Language is the expression of human communication. It allows a person to express, experience, explain, and share knowledge, thoughts, observations, questions, needs, values, beliefs, and behaviors.
It is a specific method, style, or form of communicating for individuals or groups of individuals. Most language is vocal, however, it may also be expressed by symbols, as in letters and numbers; gestures; and sounds.
When language is impaired, problems can occur in all areas of a person's life, including social development; academic performance; personal relationships; employment opportunities; and self-sufficiency
Institute on Deafness and Other Communication Disorders (NIDCD)
Landau-Kleffner syndrome (also called infantile acquired aphasia, acquired epileptic aphasia, or aphasia with convulsive disorder) is a language disorder. It frequently occurs in normally-developing children, usually between three and seven years of age, and is characterized by the gradual or sudden loss of the ability use or comprehend spoken language.
It is a rare disorder, with approximately 160 cases diagnosed between 1957, when the syndrome was first identified, and 1990.
The following are the most common indicators of Landau-Kleffner syndrome. However, each individual may experience symptoms differently.
- Early signs may be referred to as auditory agnosia, which includes the child:
- suddenly having problems understanding what is said.
- appearing to have problems with hearing - deafness may be suspected.
- appearing to be autistic or developmentally delayed.
- Spoken language is eventually affected, which may lead to complete loss of the ability to speak.
- Some children develop their own method of communicating, such as with gestures or signs.
Approximately 80 percent of children with Landau-Kleffner syndrome have a history of one or more epileptic seizures that usually occur at night.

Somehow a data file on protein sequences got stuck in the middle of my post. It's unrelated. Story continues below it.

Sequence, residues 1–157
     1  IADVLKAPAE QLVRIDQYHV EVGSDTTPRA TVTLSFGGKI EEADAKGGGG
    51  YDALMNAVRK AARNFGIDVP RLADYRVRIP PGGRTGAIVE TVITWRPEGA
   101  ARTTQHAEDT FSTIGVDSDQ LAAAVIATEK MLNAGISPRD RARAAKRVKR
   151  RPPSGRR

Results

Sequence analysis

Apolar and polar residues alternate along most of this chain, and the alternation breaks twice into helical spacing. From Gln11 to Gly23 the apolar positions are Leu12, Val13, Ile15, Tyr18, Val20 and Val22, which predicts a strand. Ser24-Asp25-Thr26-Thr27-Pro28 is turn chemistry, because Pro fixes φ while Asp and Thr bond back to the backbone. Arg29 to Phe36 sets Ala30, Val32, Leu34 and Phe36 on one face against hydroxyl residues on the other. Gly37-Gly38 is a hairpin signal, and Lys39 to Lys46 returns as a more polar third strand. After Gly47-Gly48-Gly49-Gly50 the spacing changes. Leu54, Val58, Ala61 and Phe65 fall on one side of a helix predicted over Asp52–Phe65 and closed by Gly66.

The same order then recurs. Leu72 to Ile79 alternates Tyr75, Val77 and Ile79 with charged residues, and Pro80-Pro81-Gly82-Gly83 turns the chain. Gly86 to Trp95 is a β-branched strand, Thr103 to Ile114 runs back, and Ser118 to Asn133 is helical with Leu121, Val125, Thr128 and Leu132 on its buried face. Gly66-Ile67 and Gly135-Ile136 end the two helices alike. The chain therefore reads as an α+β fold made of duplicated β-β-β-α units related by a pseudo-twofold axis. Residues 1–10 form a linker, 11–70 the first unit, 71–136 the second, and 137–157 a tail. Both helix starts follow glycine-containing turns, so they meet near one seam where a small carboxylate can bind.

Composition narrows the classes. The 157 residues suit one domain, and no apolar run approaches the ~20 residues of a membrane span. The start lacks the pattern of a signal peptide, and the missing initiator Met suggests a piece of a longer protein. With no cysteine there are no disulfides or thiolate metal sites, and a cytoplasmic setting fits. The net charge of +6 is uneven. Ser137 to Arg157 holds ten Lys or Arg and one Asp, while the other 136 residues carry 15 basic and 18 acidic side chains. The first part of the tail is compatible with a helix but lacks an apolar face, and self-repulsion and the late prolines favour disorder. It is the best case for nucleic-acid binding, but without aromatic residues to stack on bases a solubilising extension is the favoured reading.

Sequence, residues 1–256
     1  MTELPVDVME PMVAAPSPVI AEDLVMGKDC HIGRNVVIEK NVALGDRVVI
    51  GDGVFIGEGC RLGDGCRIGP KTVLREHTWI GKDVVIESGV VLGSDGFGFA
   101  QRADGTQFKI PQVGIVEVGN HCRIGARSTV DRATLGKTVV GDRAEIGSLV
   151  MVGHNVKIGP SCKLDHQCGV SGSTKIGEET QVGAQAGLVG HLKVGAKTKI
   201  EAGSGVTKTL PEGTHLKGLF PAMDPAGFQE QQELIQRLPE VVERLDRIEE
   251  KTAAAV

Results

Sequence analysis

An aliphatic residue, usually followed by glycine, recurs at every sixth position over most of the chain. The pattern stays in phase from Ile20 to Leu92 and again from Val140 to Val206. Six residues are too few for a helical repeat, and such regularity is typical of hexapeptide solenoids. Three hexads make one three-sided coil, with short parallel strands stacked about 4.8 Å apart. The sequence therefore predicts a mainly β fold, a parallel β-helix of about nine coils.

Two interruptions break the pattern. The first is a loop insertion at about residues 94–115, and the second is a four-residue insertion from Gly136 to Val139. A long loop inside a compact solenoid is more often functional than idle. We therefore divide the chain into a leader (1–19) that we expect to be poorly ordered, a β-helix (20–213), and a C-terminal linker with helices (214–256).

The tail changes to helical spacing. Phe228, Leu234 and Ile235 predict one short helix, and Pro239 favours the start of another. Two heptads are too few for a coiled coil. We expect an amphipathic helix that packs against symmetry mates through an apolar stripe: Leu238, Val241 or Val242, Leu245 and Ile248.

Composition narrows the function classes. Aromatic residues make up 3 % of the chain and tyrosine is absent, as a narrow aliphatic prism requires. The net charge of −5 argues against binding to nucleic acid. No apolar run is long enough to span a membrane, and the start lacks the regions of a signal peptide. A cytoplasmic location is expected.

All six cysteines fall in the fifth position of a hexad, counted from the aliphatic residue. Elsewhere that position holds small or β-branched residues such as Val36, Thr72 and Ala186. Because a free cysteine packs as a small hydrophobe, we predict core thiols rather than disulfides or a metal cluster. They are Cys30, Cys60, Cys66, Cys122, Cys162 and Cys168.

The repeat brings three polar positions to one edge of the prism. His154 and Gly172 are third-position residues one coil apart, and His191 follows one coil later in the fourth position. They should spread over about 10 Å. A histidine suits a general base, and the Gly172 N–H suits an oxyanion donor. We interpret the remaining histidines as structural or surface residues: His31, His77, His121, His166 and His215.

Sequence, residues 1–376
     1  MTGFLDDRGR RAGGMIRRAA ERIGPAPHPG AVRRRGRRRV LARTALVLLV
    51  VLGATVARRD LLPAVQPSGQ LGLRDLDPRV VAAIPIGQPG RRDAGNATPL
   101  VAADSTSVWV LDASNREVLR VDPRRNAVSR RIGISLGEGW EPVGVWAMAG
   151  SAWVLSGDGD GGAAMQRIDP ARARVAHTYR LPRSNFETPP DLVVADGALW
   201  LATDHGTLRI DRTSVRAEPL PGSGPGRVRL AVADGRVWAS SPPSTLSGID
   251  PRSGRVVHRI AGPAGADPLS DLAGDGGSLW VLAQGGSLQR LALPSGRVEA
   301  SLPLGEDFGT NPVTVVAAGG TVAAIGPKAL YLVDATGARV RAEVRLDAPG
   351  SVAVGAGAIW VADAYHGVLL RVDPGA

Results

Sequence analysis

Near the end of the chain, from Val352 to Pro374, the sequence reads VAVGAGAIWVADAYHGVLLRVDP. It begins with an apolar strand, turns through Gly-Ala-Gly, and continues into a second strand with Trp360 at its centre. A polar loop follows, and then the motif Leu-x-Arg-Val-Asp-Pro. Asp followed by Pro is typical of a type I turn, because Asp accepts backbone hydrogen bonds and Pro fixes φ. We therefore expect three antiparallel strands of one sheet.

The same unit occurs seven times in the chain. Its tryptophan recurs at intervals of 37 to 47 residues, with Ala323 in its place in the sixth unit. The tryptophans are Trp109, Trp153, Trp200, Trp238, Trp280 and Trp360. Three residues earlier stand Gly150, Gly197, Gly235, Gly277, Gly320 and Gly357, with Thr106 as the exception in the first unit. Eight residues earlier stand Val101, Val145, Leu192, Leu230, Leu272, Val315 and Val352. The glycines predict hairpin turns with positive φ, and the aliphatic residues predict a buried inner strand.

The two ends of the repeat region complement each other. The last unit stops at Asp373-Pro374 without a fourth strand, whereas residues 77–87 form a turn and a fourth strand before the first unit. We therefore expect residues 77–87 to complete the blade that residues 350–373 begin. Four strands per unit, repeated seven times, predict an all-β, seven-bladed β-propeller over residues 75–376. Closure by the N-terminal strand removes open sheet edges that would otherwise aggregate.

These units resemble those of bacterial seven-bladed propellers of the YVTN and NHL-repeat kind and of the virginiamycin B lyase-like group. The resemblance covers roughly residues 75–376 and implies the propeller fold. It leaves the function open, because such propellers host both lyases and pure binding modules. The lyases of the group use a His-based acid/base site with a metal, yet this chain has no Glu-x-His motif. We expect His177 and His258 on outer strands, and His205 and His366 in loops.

All children with Landau-Kleffner syndrome have abnormal electrical brain wave activity on both sides of the brain.
Hearing and intelligence usually are confirmed to be normal in children with Landau-Kleffner syndrome. However, the disorder may be accompanied by behavior or psychological problems such as:
The symptoms of Landau-Kleffner syndrome may resemble other conditions or medical problems, such as deafness or learning disabilities. Always consult your physician for a diagnosis.
Landau-Kleffner syndrome is commonly diagnosed using an electroencephalogram (EEG), a scan that shows the brain's electrical waves, as well as other diagnostic tests.
Specific treatment for Landau-Kleffner syndrome will be determined by your physician based on:
- your age, overall health, and medical history
- extent of the disease
- your tolerance for specific medications, procedures, or therapies
- expectations for the course of the disease
- your opinion or preference
Treatment may include medication for seizures, convulsions, and language ability. Sign-language instruction may also be suggested.
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